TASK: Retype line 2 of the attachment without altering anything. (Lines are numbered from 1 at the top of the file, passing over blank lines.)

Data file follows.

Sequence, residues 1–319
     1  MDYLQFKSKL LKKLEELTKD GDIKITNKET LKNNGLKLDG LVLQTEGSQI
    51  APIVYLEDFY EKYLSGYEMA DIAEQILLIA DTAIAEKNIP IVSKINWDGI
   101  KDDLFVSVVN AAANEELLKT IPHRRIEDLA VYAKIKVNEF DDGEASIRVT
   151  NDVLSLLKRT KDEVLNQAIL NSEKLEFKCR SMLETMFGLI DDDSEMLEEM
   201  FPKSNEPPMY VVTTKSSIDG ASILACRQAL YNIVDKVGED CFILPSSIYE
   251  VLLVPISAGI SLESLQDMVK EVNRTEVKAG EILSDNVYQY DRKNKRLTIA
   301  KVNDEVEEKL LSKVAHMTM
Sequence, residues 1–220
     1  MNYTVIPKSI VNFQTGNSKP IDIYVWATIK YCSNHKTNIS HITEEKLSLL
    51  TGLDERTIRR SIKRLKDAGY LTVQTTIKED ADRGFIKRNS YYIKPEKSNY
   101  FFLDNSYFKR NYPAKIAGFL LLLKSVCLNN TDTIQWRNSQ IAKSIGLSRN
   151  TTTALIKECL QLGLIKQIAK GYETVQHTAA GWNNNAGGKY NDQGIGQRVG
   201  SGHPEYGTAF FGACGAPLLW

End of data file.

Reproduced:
     1  MDYLQFKSKL LKKLEELTKD GDIKITNKET LKNNGLKLDG LVLQTEGSQI